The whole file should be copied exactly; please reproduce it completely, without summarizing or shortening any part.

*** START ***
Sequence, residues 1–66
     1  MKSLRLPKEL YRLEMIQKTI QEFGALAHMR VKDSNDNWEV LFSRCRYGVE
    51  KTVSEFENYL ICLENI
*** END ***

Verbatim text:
Sequence, residues 1–66
     1  MKSLRLPKEL YRLEMIQKTI QEFGALAHMR VKDSNDNWEV LFSRCRYGVE
    51  KTVSEFENYL ICLENI